This illustrated guide is for communities interested in participatory research and engagement with academics as part of participatory projects. It has been written by community members, activists and academics who have been involved in research of this kind. It is intended to provide communities with basic explanations of the background to, and motivations for, participatory research, as well as overviews of the processes of research, the implications that communities should consider when deciding whether or not to participate in projects and the key steps participants can take to minimize risks and maximize benefits. What follows should be regarded only as an introduction to the topic and should be read in combination with more detailed work on specific elements of participatory research outlined in the references list below. While there are many other forms of engagement between communities and academics, such as practice placements, site visits and teaching contributions, this guide deals only withparticipatory research – a process which can stem from, or provide the basis for, other instances of collaboration. It is freely available online on the website of ‘A Cross-Cultural Working Group on “Good Culture” and Precariousness’ (http://wp.lancs.ac.uk/good-culture/a-guide-for-communities-working-withacademics-on-participatory-research-projects/), a participatory project involving community members from Ashington, Northumberland, and Aboriginal groups around Brisbane, Australia. It was during the development of this broader project thatthe need for an introductory guide emerged. It is hoped that drawing on those experiences, among others, will help community members and academics to find mutually beneficial means of advancing research capable of improving the lives of those participating in it.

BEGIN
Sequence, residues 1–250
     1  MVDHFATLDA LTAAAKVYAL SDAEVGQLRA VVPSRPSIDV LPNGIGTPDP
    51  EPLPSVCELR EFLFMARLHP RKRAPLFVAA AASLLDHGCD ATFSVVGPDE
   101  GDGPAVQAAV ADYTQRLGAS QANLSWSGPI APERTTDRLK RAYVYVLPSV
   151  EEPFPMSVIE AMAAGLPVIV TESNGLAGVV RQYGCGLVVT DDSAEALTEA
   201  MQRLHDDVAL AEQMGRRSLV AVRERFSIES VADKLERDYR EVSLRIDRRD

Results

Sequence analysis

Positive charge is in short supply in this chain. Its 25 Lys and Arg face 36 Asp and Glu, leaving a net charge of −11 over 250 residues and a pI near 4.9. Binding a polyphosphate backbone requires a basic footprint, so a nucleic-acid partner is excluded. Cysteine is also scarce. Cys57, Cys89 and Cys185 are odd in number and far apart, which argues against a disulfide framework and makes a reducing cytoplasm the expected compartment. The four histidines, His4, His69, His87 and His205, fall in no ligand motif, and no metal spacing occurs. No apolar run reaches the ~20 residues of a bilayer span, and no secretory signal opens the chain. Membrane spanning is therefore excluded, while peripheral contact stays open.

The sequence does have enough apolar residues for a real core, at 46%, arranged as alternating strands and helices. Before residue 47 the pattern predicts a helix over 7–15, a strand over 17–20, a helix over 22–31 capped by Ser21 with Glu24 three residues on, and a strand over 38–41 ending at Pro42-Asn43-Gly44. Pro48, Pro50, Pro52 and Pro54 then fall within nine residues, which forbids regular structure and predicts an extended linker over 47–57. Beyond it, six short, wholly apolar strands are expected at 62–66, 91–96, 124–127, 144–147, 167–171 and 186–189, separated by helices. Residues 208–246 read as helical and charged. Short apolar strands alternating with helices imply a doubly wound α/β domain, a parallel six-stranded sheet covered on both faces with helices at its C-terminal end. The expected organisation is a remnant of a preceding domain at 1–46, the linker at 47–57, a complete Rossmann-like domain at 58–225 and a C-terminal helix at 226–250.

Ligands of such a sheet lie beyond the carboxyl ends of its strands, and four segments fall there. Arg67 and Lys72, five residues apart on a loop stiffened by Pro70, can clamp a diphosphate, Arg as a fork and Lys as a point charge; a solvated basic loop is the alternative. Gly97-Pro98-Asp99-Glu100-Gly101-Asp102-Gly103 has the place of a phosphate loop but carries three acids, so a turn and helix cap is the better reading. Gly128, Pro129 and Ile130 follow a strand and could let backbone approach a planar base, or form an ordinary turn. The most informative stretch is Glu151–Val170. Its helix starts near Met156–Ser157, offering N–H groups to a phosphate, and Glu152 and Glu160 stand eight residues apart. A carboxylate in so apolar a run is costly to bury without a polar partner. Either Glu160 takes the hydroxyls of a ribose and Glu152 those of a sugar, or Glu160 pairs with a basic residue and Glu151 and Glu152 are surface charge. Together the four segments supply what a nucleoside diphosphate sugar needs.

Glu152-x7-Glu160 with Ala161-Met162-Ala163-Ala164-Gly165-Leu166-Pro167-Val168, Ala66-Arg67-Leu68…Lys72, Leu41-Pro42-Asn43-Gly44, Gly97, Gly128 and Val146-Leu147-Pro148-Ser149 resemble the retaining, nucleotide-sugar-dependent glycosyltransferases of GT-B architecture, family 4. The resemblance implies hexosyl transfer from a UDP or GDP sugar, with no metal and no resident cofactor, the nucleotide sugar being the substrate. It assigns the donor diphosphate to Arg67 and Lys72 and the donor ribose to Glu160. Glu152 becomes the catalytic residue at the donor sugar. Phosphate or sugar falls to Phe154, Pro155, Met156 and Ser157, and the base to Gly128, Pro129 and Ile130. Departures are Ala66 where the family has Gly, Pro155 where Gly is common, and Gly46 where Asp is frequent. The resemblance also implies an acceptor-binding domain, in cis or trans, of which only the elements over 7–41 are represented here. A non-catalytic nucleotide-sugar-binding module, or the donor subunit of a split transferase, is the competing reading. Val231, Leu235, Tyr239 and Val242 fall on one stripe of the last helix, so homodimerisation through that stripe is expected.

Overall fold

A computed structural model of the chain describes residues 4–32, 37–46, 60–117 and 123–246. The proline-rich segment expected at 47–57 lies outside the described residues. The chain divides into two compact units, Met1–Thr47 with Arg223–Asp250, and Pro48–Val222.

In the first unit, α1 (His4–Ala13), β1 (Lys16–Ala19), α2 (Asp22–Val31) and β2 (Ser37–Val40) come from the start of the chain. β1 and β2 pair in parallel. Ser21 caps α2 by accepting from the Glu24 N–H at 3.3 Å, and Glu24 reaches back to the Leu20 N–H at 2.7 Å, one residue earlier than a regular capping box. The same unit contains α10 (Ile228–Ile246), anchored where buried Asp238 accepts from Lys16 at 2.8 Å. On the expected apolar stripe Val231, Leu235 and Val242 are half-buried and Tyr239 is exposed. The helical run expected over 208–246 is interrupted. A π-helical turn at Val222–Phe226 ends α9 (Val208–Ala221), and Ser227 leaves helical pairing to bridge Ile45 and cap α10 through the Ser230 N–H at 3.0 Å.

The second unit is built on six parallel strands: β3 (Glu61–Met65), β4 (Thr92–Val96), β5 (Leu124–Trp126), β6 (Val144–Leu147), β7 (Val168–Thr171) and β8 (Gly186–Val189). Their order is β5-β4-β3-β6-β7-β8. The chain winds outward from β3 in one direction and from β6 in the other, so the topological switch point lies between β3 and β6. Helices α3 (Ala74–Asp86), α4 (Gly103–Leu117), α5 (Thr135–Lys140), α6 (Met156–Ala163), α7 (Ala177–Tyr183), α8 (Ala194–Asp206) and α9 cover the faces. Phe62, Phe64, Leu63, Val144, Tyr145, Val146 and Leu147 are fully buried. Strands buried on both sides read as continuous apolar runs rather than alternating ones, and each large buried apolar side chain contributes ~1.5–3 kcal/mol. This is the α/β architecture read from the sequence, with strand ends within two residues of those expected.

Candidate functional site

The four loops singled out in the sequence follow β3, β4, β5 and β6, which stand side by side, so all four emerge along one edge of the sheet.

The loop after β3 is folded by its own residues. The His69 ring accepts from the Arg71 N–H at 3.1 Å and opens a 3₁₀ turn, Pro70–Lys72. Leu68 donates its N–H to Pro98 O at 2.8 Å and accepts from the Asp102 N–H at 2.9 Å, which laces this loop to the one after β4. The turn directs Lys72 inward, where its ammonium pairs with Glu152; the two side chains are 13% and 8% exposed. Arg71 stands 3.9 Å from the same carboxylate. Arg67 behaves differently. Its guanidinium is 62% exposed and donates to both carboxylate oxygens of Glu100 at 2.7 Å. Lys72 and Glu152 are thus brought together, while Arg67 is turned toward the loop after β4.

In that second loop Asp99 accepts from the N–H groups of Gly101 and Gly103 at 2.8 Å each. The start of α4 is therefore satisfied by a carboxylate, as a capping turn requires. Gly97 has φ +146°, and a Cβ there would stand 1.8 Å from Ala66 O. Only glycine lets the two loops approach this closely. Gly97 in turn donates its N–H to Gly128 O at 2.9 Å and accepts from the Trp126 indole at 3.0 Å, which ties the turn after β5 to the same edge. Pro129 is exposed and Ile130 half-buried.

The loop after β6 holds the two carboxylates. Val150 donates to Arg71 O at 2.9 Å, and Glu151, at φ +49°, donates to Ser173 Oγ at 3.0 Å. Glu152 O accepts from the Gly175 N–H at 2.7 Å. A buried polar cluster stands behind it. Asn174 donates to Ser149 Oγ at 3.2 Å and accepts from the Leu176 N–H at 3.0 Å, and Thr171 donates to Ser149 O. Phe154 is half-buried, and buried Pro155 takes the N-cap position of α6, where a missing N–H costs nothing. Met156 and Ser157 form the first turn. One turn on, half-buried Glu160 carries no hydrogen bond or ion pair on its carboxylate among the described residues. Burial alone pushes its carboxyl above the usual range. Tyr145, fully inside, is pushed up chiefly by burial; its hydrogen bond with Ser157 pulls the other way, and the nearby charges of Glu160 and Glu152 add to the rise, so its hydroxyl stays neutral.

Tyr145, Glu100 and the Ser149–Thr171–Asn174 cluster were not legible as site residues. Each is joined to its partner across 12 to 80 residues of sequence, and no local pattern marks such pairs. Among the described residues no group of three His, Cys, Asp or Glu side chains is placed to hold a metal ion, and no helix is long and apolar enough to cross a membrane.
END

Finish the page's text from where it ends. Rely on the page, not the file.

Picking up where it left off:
|Media of output|
|Number of pages||8|
|Publication status||Published - 1 Jan 2017|